We have had an incoherent public school system in the United States for many years, and our current course will only make matters worse. Academic achievement is the product of a solid education that is grounded not only in basic skills but in history, literature, geography, the arts, science, mathematics, foreign languages, health and physical education. We are now in a “reform” frenzy that measures only basic skills, which is stupid.
But even the best schools and teachers cannot succeed, no matter how splendid the curriculum, unless students are healthy and ready to learn. We have known for a long time that there is a correlation between students’ social and economic well-being and their academic achievement. Today’s “reformers”—like Michelle Rhee, Joel Klein and others associated with the Education Equality Project—reject the idea that social and economic factors are related to low student achievement. They insist that anyone who speaks of the disadvantages created by poverty is just making excuses for bad teachers. They ignore the fact that poverty is closely correlated with academic achievement in every social science survey. They may be able to point to individuals or schools that succeeded “despite the odds”, but there are still odds, and they weigh heavily against students who grow up in poverty, or without the adequate supervision, basic nutrition or health care that most of us take for granted.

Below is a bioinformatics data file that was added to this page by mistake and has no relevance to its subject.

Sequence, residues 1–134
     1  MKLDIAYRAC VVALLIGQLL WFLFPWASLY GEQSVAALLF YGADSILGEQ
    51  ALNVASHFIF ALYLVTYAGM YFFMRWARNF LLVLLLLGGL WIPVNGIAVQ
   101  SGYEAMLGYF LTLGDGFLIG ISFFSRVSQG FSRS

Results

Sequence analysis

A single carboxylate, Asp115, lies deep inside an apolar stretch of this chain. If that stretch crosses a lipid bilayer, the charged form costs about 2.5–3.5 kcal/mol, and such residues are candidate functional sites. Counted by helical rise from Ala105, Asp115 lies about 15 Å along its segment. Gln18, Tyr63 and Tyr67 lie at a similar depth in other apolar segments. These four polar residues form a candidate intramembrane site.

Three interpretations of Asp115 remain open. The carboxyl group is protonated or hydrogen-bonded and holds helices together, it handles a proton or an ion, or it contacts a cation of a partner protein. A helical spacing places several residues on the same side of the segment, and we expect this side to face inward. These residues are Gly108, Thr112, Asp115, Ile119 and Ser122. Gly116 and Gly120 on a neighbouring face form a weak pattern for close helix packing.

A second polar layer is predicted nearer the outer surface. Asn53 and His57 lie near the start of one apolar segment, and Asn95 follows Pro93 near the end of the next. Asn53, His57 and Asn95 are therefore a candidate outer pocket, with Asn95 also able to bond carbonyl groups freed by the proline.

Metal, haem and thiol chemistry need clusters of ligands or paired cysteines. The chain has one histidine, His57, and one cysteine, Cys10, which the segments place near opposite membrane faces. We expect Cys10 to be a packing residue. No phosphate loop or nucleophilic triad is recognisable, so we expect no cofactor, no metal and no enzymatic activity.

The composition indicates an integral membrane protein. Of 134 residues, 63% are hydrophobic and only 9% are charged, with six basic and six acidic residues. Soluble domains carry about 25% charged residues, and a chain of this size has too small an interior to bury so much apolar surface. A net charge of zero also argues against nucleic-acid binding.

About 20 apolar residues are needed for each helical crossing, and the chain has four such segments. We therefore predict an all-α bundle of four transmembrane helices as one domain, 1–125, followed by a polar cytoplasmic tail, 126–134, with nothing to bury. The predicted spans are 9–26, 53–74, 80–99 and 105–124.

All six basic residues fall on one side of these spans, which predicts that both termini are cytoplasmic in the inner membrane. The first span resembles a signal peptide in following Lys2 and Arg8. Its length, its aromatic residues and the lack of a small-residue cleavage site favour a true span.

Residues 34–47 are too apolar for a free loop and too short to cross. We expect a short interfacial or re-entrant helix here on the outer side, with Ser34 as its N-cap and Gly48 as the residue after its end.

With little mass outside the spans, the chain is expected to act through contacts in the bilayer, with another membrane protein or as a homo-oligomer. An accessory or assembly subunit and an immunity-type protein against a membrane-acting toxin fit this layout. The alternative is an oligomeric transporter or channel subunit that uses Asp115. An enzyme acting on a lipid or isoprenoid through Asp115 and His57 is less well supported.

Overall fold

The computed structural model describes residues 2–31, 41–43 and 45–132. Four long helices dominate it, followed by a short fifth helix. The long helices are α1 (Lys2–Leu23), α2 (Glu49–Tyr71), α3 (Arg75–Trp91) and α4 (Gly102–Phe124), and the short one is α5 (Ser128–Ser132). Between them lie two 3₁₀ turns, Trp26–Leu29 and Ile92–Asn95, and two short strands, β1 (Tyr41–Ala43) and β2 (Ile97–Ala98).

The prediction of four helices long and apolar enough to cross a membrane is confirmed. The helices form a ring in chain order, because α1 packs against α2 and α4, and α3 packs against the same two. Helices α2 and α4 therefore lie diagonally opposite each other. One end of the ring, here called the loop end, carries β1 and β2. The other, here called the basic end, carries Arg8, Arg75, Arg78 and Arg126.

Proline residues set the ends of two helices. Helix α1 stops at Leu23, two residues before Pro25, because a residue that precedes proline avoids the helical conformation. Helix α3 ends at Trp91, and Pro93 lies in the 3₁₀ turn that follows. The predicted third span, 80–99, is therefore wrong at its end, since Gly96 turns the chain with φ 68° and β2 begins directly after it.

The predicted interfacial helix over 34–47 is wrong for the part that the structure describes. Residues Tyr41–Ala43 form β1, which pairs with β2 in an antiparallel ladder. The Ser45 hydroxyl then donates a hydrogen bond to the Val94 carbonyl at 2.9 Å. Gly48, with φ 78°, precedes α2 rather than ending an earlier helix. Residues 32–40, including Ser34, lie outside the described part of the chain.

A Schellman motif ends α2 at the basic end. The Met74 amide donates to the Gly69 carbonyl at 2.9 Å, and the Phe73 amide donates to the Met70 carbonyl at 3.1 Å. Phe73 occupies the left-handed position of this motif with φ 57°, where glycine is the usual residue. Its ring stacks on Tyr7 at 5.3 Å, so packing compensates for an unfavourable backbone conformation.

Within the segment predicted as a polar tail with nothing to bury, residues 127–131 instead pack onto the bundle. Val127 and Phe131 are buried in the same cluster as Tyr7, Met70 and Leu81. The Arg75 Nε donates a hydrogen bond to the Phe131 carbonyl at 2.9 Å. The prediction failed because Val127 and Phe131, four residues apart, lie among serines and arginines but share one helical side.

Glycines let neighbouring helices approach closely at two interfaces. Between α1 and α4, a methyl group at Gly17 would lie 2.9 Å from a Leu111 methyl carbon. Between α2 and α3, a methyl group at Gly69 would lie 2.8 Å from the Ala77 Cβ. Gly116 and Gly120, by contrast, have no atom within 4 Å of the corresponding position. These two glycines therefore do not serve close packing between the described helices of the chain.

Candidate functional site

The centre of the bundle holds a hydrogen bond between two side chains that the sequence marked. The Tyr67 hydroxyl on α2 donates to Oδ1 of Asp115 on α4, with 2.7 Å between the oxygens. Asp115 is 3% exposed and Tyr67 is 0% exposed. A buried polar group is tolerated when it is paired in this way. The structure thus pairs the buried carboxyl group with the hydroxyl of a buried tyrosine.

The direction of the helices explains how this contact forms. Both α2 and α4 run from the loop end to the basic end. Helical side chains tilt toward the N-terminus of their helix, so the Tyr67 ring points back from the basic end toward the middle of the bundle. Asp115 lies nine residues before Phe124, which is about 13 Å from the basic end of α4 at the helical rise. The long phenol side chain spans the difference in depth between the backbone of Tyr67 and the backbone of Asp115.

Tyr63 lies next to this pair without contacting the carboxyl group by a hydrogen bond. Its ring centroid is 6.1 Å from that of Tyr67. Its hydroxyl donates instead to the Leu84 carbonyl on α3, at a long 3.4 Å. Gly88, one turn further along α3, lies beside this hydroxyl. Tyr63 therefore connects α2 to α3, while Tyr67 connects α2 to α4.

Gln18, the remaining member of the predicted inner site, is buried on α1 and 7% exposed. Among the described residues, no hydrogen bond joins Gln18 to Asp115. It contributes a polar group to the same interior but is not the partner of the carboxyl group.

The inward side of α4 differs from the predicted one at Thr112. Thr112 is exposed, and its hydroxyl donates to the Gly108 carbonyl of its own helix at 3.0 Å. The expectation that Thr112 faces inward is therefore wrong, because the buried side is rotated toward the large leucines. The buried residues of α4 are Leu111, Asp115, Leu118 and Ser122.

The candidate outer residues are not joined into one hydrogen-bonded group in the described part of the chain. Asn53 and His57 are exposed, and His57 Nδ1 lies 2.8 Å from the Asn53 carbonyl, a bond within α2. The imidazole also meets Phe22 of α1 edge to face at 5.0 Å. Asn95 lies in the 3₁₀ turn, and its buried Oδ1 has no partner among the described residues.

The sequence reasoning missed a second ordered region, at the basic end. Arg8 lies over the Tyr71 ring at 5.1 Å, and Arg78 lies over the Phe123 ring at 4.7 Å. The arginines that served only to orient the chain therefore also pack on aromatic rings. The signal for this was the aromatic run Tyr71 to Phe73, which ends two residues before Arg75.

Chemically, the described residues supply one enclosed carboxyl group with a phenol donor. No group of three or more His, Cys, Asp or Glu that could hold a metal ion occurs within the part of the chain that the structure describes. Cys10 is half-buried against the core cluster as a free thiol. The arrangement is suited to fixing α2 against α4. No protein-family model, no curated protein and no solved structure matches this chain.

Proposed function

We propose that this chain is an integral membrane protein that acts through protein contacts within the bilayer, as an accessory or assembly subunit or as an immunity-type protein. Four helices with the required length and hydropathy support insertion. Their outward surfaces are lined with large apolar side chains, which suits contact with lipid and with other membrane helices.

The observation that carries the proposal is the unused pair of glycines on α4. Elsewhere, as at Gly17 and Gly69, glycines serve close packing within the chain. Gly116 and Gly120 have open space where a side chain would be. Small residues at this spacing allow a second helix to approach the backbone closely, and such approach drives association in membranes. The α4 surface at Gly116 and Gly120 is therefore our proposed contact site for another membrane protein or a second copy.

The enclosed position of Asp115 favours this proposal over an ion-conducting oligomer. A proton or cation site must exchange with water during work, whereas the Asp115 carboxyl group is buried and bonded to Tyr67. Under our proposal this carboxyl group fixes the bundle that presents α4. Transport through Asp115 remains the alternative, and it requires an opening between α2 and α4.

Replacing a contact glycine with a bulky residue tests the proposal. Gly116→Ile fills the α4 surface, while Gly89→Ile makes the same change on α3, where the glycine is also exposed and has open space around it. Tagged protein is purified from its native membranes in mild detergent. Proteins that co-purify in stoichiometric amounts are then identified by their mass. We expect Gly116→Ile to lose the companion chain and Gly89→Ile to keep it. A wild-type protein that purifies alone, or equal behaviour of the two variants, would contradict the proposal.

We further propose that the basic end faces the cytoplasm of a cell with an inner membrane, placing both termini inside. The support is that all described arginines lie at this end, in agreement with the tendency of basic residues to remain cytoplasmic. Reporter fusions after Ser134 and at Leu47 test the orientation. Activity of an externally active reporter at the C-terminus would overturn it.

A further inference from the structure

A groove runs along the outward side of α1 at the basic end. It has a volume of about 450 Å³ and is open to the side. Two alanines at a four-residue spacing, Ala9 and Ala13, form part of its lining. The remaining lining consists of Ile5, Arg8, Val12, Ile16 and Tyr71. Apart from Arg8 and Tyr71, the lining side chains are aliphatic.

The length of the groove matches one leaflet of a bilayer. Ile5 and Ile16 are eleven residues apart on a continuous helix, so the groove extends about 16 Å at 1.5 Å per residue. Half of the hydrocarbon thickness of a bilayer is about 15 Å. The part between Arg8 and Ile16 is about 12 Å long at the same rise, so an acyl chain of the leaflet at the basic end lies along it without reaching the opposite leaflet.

Despite the enormous enthusiasm for choice, accountability, and “no excuses” on the part of politicians, business leaders and policymakers, these policies will not give our nation the strong and vibrant public school system that it needs. The fact that these policies now enjoy bipartisan support is not evidence that they are or might be effective. A quality educational system must provide a sound and balanced curriculum to all students. Families must do their part, and so must students themselves, by showing up every day, doing their homework and putting forth the effort required for success. When students do not have the support of their families, then the community must step in to ensure that children have a fair chance to succeed.
Our nation needs to retool basic policies: We must raise standards for entry into teaching so that every elementary school teacher has a degree in two subjects taught in school; we must ensure that teachers have the pedagogical skills to manage their classes; we must insist that principals are themselves master teachers, since we rely on them to evaluate teachers; we need a highly professional staff in every school and a strong curriculum, things the best-performing nations have.
There are no shortcuts here, no silver bullets, certainly no panaceas that the Federal government can pull out of a magic hat. Education requires the work of many willing participants: students, teachers, parents and the community at large. That’s what makes good schools.